Currently there are several great initiatives happening to help bring attention to this important social issue. Below are two of my favorite ones which I hope you’ll check out and help support.
Mike Rowe’s Profoundly Disconnected
Mike Rowe (who’s famous for being the star of ‘Dirty Jobs’) has been working for several years to bring attention to this very issue. His most recent effort involves the website “Profoundly Disconnected” where Mike is trying to help. “The goal of Profoundly Disconnected is to challenge the absurd belief that a four-year degree is the only path to success. The Skills Gap is here, and if we don’t close it, it’ll swallow us all. Which is a long way of saying, we could use your help…”
You can learn more about Mike and his passion for this issue at his site called Profoundly Disconnected. The following is an example of one of his messages.
National Tradesman Day
The folks at IRWIN Tools have been promoting National Tradesman Day for several years now. National Tradesmen Day is an opportunity to recognize and thank the men and women that build the things we depend on every day.
Their message is short and simple and much needed. It says:
Electricians, plumbers, welders, drywall installers, framers, masons, carpenters, auto mechanics, and more. We see them all around us, every single day. They are our nation’s REAL working hands. Whether grizzled veterans or young apprentices just learning the trade, these men and woman work in the toughest, most unforgiving conditions – often, with no break room in sight!
The jobs get done in mud and muck, unbelievable heat and rain, or under a kitchen sink. The job gets done with bare hands – rough hands with swollen joints, blisters as big as Texas, grease-stained fingers, and calluses. These are working hands – REAL WORKING HANDS!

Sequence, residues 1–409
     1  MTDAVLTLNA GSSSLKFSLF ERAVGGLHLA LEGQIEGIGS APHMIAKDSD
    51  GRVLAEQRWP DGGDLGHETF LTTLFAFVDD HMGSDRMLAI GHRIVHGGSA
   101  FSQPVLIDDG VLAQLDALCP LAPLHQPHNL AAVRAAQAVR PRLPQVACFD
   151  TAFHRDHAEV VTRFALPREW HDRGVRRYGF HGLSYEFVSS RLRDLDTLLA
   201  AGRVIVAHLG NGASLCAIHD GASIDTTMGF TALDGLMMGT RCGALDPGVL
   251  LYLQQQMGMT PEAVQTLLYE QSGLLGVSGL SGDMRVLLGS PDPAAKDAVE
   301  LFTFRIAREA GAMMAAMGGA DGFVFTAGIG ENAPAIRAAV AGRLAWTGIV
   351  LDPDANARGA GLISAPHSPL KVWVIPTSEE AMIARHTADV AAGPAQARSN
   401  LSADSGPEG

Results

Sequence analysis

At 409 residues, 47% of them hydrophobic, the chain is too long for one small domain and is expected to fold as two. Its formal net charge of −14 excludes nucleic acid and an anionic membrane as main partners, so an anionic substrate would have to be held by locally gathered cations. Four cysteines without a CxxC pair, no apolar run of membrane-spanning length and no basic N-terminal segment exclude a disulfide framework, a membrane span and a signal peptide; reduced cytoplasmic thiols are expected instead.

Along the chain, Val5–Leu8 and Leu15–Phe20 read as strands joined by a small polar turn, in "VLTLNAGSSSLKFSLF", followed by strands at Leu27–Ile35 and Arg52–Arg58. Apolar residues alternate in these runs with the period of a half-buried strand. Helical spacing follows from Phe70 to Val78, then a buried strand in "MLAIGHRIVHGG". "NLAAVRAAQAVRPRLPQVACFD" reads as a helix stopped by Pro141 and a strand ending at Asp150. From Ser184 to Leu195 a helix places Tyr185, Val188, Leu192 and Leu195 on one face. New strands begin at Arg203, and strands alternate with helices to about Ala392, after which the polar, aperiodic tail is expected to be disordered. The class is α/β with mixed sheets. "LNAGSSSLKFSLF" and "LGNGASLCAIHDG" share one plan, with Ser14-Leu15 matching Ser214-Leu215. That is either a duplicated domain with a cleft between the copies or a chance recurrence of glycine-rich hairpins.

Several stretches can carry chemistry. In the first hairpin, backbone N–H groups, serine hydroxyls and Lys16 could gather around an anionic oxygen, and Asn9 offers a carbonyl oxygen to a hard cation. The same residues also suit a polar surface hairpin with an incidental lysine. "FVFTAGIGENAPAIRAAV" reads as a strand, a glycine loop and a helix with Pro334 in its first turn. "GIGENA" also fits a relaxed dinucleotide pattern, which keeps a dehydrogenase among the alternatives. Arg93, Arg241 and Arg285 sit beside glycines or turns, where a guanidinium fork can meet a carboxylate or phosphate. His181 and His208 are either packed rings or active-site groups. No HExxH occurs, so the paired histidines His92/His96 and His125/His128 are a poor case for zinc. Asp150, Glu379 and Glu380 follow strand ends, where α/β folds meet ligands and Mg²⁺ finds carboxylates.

Professional tradesmen and the backbone of our great nation. And to all of these men and women who use their hands to keep our country running strong, IRWIN Tools would simply like to say “THANKS.”
In fact, IRWIN has created a day just for professional tradesmen – a day to celebrate all that they do to contribute so meaningfully to our lives in so many ways. And, it’s our hope that the entire nation will celebrate with us.
So here’s to the hands that build our country and keep it going strong. They may not be pretty, but they sure make us proud!
Remember Skilled Trades When Mentoring Our Youth
This is probably the most important thing I’d like you to take away from this article. All of us must do a better job “keeping the door OPEN” for skilled labor jobs when we mentor our children about education and careers. This isn’t easy and I use my own two children as a test. While I hope my children go off to college to further their studies after high school, I can now say I’ll be far more supportive if they decide to follow a career in the trades.
Skilled labor jobs can be a VERY good option for kids that just don’t feel like college is for them. We need to encourage those kids and celebrate their accomplishments. We need our kids to feel supported in either direction they choose so long as they are continuing to learn and become successful at any career they choose.
Set an example for your children by going out on September 20th and thanking tradesmen that you know from your community. Teach your children how important their jobs are and how important they are to our nation. These small changes can help get our great country back on track!